Tuesday 30 September 2014

Tales of Blood and Glory: The Complete Midshipman Bolitho

So here's one that was sitting on my shelf for quite a long time before I finally picked it up. Then, midway through the first chapter I decided it wasn't for me. A Golden Age of the Sail novel with a focus on historical accuracy, "The Complete Midshipman Bolitho" was much too dry for my tastes. I decided to give it a little bit longer to hook me before I put it down though. And boy did this book deliver! In short order, it pick up the pace with fast, gritty, technical naval combat at it's finest!

The Bolitho Novels are 30 or so books written by author Douglas Reeman(using the name Alexander Kent) written over the span of half a century from 1960's to present day. "The Complete Midshipman Bolitho" collects the first three of those stories(by story-chronology rather than publication date--in that sense, they are similar to the excellent Fafhrd and the Gray Mouser "Swords" collection.)

Stories of Loyalty

In addition to the great descriptions of the various naval actions Bolitho participates in, the stories have a strong moral component. In fact, all of the conflicts are described by Bolitho in moral terms. As such, pirates are reviled for their cruelty, wreckers for their betrayal of their fellow seamen, and Bolitho's rival officers for their indifference towards the men under their command.

In his book "The Righteous Mind", Psychologist Jonathan Haidt describes 6 fundamental moral foundations that manifest themselves in various forms in every Human culture: Care, Fairness, Loyalty, Authority, Sanctity, and Liberty. With this model in mind, I would say that the Bolitho Novels are primarily an exploration of the trait of Loyalty. Bolitho is constantly concerned with what duty demands of him, towards his King, his Family, and his comrades in the Navy. At the same time, Bolitho's Loyalty is presented as balanced. His rival officers are oftentimes portrayed as over-valuing duty, forgetting compassion for the men under their command.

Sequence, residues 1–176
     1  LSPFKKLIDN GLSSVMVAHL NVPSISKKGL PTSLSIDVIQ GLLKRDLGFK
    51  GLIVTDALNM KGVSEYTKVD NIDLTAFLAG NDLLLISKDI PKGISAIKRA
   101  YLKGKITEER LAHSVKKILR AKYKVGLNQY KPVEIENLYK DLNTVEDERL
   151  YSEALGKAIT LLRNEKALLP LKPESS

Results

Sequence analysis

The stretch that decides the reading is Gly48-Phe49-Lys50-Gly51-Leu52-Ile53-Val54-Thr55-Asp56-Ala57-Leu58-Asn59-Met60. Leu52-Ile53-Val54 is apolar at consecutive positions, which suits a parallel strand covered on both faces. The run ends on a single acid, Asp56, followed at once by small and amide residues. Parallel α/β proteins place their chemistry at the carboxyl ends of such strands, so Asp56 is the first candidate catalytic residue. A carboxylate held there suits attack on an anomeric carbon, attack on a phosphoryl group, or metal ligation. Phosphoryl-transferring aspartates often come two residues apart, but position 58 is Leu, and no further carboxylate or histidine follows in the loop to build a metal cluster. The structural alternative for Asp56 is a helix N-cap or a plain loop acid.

Invariably, Bolitho himself is the moral compass for the stories. This omniscience in moral quandaries together with his limitless bravery does make him a bit Mary Sue character, to my mind.

Read these stories if you want action-packed Naval Adventures from the Age of the Sail. These definitely made me want to run more Swashbucklers & Seamonsters!


  1. I tried reading the first Patrick O'Brian "Aubrey-Maturin" novel and gave up after about two-thirds through. Too many pages describing the foodstuffs and not enough cannon-cannon (or as the kids today say, dakka-dakka). Have you read O'Brian and, if so, how does it compare?

    1. Hi Tiny,

      I can't say I'm familiar with O'Brian's novels.

      As far as how these 3 Bolitho Novels are paced:
      1. Length-wise, the are somewhere between a short story and a novel, so they can't go on too long before getting to the action
      2. They all start with a chapter or so of pure character story-- Bolitho meets his best friend for the first time, Bolitho goes home on holiday to visit his mother, Bolitho has an exam to determine if he will be promoted
      3. Then they get to the action which I found to be very exciting(I bore pretty easily, but I felt it was worth it slogging through a few slower pages to get to the good stuff)

      Stylistically, these remind me a bit of classic Pulps like Robert E. Howard, even though they were written considerably more recently: great, over the top action, an author whose enthusiasm for his subject matter shines through in his writing, a main character who the author is a little bit too in love with. That said, these novels are really really British and the author has more patience in getting to the good stuff.